Basque science, at the forefront of the discoveries of the James Webb telescope | Science and technology

Galaxies forming in the early universe.
Galaxies forming in the early universe. (JAR)

A scientific group in which the astrophysicist Tom Broadhurst, professor of Ikerbasque at the UPV/EHU and associated with the Donostia International Physics Center (DIPC), was the first – with another international team – to analyze the oldest image of universe detected by the James Webb Space Telescope (JWSP).

Broadhurst was the recipient of NASA’s Outstanding Achievement Award for the Hubble Telescope’s “Advanced Camera” mission. With more than 20 years of research experience in countries such as Great Britain, the United States, Germany, Israel, Japan and Taiwan, he joins Basque science.

Astrophysicist Tom Broadhurst. (Ikerbasque)

With his collaborators, this scientist has worked tirelessly since July 11, the day the President of the United States Joe Biden publicly published in full resolution the already world-famous image of galaxy cluster SMACS 0723.

Over three days of intense work, the team of scientists analyzed the background galaxies in the image that appear to repeat themselves due to gravitational lensing – a phenomenon caused by supermassive bodies that cause the background light allowing astronomers to naturally observe distant regions. In their study, they detected a total of 16 repeating galaxies which allowed them to reconstruct SMACS 0723 and calculate the dark matter zones.

These early results suggest the cluster is more elongated than predicted by previous studies with other telescopes, likely due to mergers with large galaxy clusters.

The Institute of Physics of Cantabria (UC-CSIC) also participated in the work with a research team from several countries, including the United States, Great Britain, Malta and Israel.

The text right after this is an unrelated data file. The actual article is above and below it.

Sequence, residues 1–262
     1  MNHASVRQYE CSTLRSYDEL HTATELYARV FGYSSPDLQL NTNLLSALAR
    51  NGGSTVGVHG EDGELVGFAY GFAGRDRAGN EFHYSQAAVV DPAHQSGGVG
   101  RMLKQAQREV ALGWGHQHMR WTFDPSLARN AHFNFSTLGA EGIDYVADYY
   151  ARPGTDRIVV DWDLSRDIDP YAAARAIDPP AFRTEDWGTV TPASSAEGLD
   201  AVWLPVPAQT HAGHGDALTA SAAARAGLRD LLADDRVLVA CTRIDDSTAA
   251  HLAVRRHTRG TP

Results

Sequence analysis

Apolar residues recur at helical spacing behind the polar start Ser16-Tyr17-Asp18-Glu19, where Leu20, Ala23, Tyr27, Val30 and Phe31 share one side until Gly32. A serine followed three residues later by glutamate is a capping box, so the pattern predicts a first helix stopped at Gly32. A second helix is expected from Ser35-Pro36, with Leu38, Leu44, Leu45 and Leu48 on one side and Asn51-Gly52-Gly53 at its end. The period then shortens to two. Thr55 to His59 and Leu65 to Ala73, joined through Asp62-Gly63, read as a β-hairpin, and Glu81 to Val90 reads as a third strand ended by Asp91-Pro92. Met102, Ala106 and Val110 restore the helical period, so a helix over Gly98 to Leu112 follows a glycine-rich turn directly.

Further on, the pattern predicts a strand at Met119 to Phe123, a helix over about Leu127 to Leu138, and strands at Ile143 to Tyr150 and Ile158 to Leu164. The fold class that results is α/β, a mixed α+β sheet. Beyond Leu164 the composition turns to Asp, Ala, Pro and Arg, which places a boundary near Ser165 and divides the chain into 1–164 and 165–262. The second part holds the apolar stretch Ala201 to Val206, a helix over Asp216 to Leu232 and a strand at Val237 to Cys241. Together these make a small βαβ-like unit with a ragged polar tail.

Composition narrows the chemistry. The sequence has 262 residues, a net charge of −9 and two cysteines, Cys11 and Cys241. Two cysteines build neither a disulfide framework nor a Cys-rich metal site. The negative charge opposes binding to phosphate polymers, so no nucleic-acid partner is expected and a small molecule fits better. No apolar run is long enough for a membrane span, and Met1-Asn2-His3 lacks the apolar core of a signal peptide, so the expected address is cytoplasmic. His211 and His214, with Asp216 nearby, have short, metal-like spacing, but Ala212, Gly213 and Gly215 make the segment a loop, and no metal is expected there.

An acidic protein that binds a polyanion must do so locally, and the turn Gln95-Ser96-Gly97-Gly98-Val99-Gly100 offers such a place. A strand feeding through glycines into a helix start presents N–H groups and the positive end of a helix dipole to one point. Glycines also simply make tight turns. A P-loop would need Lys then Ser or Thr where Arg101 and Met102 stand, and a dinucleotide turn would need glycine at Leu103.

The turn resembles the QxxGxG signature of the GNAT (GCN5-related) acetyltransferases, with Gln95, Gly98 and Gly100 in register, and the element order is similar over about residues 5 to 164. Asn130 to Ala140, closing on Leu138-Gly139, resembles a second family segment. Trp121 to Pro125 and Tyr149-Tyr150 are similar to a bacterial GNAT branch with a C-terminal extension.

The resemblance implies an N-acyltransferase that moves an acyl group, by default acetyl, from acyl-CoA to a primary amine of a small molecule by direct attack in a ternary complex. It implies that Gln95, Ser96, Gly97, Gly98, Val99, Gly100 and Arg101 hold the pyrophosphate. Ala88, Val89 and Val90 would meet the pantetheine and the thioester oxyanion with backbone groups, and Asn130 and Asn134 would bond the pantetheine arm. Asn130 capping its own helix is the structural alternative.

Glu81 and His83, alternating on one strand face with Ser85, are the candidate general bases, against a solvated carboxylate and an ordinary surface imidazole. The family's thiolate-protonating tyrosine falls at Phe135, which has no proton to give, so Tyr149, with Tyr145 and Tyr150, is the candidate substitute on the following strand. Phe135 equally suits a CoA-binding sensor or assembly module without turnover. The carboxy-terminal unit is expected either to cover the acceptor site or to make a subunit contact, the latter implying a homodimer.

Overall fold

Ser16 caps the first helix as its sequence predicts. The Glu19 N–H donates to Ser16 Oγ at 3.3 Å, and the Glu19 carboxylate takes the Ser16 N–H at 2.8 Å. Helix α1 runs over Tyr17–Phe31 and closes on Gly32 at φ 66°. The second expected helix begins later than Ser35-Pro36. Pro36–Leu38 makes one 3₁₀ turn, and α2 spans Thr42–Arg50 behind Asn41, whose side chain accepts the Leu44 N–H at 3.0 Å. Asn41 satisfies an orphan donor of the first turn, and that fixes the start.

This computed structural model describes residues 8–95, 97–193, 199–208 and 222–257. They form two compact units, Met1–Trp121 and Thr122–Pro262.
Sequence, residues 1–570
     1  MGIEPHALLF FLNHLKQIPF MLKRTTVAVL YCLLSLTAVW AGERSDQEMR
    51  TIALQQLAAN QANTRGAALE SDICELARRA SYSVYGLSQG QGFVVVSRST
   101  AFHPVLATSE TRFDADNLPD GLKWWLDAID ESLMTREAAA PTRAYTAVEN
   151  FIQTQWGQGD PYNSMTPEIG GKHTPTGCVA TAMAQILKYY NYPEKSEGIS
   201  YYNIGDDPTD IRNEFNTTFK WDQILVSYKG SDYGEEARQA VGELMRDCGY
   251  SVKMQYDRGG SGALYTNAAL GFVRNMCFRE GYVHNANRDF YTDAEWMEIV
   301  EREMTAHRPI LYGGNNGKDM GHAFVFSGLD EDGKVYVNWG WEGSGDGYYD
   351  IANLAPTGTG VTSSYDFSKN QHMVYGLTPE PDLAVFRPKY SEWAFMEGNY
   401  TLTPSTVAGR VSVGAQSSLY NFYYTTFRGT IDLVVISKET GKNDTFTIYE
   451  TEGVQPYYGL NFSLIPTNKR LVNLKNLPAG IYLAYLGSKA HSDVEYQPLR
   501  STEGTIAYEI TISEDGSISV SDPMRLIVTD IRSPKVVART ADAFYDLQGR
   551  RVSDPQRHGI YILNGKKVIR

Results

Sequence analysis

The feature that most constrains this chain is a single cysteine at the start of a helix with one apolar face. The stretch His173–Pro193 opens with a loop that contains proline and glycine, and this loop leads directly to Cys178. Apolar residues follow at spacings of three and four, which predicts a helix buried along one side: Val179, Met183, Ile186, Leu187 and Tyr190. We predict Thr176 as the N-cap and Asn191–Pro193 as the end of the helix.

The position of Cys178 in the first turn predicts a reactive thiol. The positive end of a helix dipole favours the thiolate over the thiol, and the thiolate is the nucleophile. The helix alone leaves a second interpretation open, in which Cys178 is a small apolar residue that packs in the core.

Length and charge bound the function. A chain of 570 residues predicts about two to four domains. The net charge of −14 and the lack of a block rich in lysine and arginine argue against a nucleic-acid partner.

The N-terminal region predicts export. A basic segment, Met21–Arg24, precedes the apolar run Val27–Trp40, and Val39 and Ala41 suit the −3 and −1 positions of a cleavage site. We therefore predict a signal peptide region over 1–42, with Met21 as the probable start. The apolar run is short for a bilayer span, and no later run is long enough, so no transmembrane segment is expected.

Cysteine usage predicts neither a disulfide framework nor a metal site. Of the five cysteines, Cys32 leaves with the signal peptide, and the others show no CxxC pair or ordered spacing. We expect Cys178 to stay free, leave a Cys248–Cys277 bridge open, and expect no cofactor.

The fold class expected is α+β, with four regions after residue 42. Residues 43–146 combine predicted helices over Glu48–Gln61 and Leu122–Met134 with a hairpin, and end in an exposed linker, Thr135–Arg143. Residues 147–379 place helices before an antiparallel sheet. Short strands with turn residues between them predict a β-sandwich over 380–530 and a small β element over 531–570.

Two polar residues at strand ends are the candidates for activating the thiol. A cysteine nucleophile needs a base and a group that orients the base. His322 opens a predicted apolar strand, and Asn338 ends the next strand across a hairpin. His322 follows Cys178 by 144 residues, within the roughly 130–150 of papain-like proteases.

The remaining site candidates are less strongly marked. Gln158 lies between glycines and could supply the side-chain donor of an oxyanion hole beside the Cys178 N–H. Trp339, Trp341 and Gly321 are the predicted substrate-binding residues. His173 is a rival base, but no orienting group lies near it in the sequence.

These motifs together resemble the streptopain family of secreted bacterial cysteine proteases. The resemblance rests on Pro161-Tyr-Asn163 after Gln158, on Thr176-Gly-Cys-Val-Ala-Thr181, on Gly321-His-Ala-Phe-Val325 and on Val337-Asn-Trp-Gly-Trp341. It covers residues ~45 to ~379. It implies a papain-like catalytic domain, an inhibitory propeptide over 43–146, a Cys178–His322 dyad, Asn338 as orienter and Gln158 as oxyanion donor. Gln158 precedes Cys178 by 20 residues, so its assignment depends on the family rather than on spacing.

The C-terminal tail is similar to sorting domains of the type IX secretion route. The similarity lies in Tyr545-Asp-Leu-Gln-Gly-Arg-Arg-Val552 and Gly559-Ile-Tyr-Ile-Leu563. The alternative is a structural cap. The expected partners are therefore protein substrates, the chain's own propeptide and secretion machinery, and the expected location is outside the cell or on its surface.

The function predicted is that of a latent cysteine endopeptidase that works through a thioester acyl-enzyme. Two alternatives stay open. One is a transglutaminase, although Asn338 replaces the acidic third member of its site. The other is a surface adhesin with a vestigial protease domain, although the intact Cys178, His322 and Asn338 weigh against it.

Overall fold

A new era for astronomy

The recently opened The James Webb Space Telescope, launched last December, opens a new era in astronomical observation. Its infrared range and ability to detect light two orders of magnitude weaker than the Hubble Space Telescope will allow it to capture images of unprecedented depth and bring us ever closer to the dawn of the universe.

Expectations placed on James Webb are high. It is hoped to study when the first clusters – filaments, galaxies and stars of hydrogen and helium – formed, and continue to advance in the deep field to arrive at the moment when matter began to collapse for the first time due to gravity. All of this will contribute exceptionally to how the chemistry of the original universe was designed and how it evolved.

In the coming months, Broadhurst and his UPV/EHU and DIPC colleague, Nobel laureate George Smoot, plan to find out if the dark matter detected in these new data is made up of waves or particles, a big question. opened with profoundly different aspects. implications for the origin of galaxies, stars and life.

In the Basque scientific community, several researchers in the field of astrophysics and cosmology will now work directly or indirectly with the data produced by the James Webb Space Telescope. The list includes Mariam Bouhmadi López (Ikerbasque at UPV/EHU), Silvia Bonoli (Ikerbasque at DIPC) and Nate Bastian (Ikerbasque at DIPC).

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